WA prosecutors who withhold evidence rarely face discipline
Jason Young said he was just along for the ride when two of his friends took some bicycles and stashed them in the back of a truck.
Security camera footage backs up Young’s story; in the video, Young is never seen touching the bikes.
Yet a San Juan County Sheriff’s deputy said differently in a sworn statement, writing that the video did, in fact, show Young stealing bikes from a rack.
Based on that probable cause statement — which the deputy later said was inaccurate — Young was charged with theft.
What Young and his attorney didn’t know at the time was that the deputy who testified about the alleged bicycle theft, Doug Maya, had “a long-documented history of report writing issues” and a “long history of unsatisfactory work performance,” according to his supervisors.
But that information arguably shouldn’t have been a secret. Like all prosecutors, the one who charged Young with theft was legally and ethically obligated to share evidence that could cast doubt on the deputy’s testimony, as well as other information that could hurt the state’s case and help exonerate Young.
That didn’t happen, Young’s lawyer said, causing Young months of stress and disruption before a jury eventually found him not guilty.
This was not an isolated incident, according to criminal defense attorneys across Washington state.
Defense lawyers say prosecutors regularly compromise defendants’ due process rights by not sharing evidence that could undermine the prosecution’s case, or potentially prove a person’s innocence.
“A lot of defense attorneys, we have to do the prosecutor’s job for them, and find these things out on our own,” said Kimberly La Fronz, a public defender in King County.
Young said that during the two years the theft case dragged on, his business working as a mechanic on San Juan Island dried up, causing him to lose income. He eventually became homeless.
“It is a small community. You get something like that thrown at you, nobody is going to hire you,” Young said last month. “It really crippled me financially.”
Although standards of professional ethics require prosecutors to turn over just about anything that could hurt their case, prosecutors rarely face consequences when they fail to do so, said Kimberly Ambrose, a professor who teaches a course on professional responsibility at the University of Washington School of Law. She said questionable actions by prosecutors hardly ever get reported.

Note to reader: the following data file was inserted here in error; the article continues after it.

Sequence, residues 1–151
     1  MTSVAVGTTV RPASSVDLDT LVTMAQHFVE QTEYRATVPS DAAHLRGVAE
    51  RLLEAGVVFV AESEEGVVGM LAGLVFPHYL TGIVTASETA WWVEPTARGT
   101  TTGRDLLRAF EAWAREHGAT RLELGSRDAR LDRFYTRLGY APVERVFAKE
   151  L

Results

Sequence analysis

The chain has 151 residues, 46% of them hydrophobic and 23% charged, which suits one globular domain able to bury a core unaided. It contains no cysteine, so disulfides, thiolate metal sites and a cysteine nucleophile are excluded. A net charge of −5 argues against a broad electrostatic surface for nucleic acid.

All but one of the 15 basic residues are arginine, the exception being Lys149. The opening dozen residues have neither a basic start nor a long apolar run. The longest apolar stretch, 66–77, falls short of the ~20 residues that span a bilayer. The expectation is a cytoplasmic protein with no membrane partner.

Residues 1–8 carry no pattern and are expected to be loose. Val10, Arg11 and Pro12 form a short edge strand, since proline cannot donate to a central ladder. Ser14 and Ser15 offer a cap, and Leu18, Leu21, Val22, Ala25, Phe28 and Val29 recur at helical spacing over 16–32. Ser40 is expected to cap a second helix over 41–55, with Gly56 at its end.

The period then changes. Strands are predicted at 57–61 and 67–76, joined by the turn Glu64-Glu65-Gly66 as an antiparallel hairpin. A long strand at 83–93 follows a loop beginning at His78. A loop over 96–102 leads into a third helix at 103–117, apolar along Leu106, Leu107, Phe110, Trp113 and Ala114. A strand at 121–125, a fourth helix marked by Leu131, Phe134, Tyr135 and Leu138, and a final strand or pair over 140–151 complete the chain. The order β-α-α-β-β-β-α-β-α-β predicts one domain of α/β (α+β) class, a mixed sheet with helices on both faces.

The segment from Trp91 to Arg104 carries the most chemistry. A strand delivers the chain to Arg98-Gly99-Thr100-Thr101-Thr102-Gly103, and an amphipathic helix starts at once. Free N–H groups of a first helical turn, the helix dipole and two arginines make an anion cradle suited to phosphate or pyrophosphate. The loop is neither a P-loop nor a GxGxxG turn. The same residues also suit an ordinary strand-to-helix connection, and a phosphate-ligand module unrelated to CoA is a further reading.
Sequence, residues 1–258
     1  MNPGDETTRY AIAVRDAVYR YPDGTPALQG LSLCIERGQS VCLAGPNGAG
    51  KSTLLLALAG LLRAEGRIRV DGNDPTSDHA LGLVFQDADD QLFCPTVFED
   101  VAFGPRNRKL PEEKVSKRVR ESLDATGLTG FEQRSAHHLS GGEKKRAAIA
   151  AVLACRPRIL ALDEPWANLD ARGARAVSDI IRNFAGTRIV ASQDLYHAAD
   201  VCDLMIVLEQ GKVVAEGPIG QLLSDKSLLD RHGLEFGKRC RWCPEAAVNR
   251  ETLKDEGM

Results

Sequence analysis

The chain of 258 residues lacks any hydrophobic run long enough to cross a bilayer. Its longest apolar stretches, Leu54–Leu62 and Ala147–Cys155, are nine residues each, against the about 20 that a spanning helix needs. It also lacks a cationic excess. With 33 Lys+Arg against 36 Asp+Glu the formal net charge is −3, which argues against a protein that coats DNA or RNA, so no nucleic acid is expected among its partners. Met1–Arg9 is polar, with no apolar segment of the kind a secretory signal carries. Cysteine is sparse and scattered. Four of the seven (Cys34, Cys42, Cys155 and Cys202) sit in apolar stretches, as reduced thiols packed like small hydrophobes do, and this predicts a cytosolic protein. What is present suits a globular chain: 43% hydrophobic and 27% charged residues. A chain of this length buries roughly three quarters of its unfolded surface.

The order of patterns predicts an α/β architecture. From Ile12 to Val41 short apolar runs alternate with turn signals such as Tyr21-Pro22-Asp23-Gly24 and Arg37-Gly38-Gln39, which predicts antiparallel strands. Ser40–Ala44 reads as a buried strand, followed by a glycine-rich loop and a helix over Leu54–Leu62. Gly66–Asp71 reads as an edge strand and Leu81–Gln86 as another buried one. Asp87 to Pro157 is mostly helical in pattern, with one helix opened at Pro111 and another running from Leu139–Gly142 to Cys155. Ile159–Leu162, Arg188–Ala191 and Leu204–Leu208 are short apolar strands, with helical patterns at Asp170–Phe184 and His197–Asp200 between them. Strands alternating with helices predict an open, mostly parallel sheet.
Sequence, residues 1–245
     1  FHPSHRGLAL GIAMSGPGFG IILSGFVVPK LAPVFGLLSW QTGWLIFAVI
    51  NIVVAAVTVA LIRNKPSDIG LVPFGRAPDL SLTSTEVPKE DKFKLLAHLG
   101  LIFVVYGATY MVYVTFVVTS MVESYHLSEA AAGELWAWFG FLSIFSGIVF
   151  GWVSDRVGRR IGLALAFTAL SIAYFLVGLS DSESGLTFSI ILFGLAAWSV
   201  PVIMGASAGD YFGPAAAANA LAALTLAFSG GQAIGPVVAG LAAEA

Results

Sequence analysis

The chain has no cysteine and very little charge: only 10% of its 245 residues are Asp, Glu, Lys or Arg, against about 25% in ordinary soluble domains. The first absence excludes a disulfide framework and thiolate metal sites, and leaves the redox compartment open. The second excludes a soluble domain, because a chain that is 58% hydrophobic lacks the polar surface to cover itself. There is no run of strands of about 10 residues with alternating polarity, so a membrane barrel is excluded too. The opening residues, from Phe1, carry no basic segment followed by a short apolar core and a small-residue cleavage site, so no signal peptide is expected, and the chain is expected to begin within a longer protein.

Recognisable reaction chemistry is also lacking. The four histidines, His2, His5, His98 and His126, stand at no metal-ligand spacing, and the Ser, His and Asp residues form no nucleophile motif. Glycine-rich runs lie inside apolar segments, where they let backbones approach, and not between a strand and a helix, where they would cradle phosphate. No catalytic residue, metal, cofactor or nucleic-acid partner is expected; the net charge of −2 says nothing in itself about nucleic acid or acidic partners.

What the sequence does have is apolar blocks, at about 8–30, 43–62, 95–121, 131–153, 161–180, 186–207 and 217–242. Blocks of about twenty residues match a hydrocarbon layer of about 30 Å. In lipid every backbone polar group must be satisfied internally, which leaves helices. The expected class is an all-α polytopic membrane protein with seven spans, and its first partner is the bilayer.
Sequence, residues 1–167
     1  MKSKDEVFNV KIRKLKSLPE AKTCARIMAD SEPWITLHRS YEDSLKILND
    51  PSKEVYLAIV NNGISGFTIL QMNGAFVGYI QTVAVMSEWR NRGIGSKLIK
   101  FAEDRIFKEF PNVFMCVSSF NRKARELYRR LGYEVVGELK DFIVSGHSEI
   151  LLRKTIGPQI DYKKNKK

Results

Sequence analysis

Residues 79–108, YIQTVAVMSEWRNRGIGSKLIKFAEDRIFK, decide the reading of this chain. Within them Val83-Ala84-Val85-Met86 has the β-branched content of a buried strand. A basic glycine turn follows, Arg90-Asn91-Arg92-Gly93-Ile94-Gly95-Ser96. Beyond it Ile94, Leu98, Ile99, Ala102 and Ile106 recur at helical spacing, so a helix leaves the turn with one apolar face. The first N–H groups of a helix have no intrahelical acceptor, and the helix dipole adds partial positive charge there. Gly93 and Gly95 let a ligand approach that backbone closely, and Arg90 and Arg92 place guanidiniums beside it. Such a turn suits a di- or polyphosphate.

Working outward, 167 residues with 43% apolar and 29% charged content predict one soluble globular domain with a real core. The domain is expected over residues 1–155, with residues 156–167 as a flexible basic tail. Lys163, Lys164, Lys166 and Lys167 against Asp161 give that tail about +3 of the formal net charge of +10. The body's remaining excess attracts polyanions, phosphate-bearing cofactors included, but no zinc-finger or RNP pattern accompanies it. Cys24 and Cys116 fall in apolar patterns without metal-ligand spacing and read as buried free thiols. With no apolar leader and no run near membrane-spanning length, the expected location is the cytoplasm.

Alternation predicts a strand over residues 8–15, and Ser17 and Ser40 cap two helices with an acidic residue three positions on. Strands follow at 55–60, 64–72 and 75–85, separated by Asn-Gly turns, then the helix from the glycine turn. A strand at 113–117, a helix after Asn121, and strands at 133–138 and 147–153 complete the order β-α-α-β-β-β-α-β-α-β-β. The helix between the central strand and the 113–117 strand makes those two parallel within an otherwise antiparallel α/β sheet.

“The ethical obligations are rarely enforced,” Ambrose said. “… I think it just speaks to a profession that isn’t very good at holding itself accountable.”
Justice versus convictions
Last year, Crosscut examined law enforcement officers who land on prosecutors’ lists of police witnesses with credibility issues. Prosecutors keep these lists — commonly known as Brady lists — so they can inform defense attorneys about police officers’ past dishonesty, lapses in judgment, racial bias or other issues that could cast doubt on a cop’s testimony.
Such disclosures are required under past court rulings, including the 1963 case of Brady v. Maryland, as well as ethics rules that apply specifically to prosecutors.
“At the end of the day, the prosecutor’s job is to do justice — it’s not to get a conviction,” said state Sen. Manka Dhingra, D-Redmond, who chairs the Senate Law & Justice Committee and has worked as a King County deputy prosecutor.
Yet there’s no Brady-type list of prosecutors who fail to turn over information that could damage their case.
Defense attorneys say prosecutors fail to share information that is favorable to defendants more often than people realize.
“I would say it has happened enough in my career where I now look for it,” said Ali Hohman, the director of legal services at the Washington Defender Association, which represents public defense attorneys.
At the same time, prosecutors rarely face discipline over such issues. In three recent cases in Snohomish County, judges ruled that deputy prosecutors engaged in misconduct, but none ended up being disciplined by the state bar association.
In other cases Crosscut reviewed, officers were added to county Brady lists only after defense attorneys raised concerns about incidents in a cop’s background. That can be an issue because prosecutors have a duty not only to share information that favors defendants, but to actively seek it out; they also are expected to know everything police know.
Other times, such as with Maya, an officer’s history of performance issues or writing faulty reports wasn’t enough to prompt a prosecutor to add that officer to the county’s Brady list, leaving defense attorneys in the dark about the officer’s past issues.